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Author Topic: Vocals in separate PA  (Read 31895 times)

Jeff Davis

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Re: Vocals in separate PA
« Reply #10 on: May 03, 2007, 03:42:39 am »

That's pretty much the same way I ran the systems for Princess Cruises when I worked there. Center cluster and backfills for vocals, L&R for music/band and then both in the delays. Brought tons of vocal clarity to the theater while keeping the SPL low.
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Jeff Davis
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TrevorMilburn

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Re: Vocals in separate PA
« Reply #11 on: May 03, 2007, 04:25:21 am »

Showing my age again - I same to recall the same topics being discussed on the old LAB in about 1998 - LCR vs LR systems. There will always be advantages & disadvantages to this approach and the similar (in some respects)use of aux-fed subs + full range systems. Dave Rat has also talked about the problems inherent in using Microwedges (and other monitors) for combined vocal and instrument use - again all to do with various forms of 'interference' (for a better word). I guess if you've got the usual resources (money, manpower, time and flying capacity anything that improves the final sound quality has got to be utilised - although for obvious reasons most would draw the line at the Wall of Sound approach already mentioned here!

Regards,
Trevor
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Bennett Prescott

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Re: Vocals in separate PA
« Reply #12 on: May 03, 2007, 10:02:29 am »

For monitors "splitting" your PA is easy... since you only have to cover one person, not several tens of thousands, doubling their speaker count and mix count (as long as your board can handle it) involves just throwing another cabinet on stage. I run separate vocal and instrument mixes all the time.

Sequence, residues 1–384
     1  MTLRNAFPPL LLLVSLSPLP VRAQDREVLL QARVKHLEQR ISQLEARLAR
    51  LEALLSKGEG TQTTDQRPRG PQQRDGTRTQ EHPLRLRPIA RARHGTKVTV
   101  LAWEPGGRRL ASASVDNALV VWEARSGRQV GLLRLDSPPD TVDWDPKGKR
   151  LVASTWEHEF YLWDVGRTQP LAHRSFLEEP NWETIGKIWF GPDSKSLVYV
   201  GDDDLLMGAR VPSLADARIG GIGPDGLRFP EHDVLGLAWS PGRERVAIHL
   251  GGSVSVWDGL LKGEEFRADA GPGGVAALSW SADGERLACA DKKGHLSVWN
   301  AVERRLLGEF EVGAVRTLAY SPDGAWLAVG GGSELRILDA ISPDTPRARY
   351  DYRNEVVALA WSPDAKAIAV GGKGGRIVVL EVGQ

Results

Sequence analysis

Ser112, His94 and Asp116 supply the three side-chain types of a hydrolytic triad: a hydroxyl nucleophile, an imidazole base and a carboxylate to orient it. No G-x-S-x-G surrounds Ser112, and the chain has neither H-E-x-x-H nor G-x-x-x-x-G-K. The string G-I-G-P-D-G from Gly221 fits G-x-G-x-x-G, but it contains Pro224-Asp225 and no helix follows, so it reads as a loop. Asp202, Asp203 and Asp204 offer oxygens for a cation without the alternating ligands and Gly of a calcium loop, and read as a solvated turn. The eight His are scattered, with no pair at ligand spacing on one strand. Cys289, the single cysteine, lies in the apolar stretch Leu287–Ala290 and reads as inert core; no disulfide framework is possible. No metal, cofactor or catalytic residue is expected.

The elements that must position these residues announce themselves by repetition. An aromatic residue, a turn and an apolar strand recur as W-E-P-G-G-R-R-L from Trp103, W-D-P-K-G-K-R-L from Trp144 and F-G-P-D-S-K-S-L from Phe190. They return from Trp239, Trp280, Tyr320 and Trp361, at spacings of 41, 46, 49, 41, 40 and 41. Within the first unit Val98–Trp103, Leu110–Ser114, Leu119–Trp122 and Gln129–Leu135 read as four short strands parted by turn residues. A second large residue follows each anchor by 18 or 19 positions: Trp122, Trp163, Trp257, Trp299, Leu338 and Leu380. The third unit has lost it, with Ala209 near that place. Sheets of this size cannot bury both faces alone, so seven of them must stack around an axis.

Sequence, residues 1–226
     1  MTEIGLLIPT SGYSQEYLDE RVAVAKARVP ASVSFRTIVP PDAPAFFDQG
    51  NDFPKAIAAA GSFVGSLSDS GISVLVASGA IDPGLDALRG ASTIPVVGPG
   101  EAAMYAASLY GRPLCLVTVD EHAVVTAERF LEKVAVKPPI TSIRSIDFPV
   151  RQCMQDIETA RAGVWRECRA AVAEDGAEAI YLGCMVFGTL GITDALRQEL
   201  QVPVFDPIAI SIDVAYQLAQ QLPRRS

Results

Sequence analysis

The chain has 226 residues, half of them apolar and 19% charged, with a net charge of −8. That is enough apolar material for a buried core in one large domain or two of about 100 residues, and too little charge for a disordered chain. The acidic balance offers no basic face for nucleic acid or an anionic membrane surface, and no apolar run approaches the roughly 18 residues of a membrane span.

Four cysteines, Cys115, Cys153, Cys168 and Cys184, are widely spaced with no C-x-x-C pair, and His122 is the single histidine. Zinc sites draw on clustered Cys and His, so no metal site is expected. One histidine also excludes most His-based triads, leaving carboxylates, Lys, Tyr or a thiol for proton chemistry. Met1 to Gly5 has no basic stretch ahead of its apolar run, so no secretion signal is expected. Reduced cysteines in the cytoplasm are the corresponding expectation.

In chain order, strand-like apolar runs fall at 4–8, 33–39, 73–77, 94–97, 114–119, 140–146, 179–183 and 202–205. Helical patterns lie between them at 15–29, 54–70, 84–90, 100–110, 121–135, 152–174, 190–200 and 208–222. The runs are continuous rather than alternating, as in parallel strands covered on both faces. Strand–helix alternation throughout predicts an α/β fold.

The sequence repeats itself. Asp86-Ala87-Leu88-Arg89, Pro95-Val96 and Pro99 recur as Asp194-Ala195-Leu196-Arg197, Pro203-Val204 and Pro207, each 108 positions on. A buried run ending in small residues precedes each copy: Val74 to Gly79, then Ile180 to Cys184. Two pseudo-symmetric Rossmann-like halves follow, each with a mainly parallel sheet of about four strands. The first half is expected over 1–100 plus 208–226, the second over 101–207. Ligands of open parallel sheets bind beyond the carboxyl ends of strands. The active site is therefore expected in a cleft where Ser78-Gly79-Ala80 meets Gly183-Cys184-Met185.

As for LCR vs. LR vs. Whatever you want to call what Dave's doing... it comes down to this, entirely: Is it worth the small but significant sound clarity advantage to you to carry 1.5 - 2x the PA, with all the attendant problems? For almost everyone, the answer is no.
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-- Bennett Prescott
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Dave Dermont

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Re: Vocals in separate PA
« Reply #13 on: May 03, 2007, 11:13:08 am »

Advanced techniques usually work best when implemented by advanced users. If you feel like you're up to it, I see no reason to NOT give it a try.

I personally feel there would be little advantage gained from the extra effort, but hey, I have been wrong before.

I once used a PA where they had a couple Bose 802s on each side hooked up to the console's vocal submaster output. In this case, it was two totally different kinds of PA systems. It was an interesting exercise, the results were not horrible, but I'd still rather have one "proper" PA than two half-assed ones.

Please report back with your findings.
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Deron Lucatorta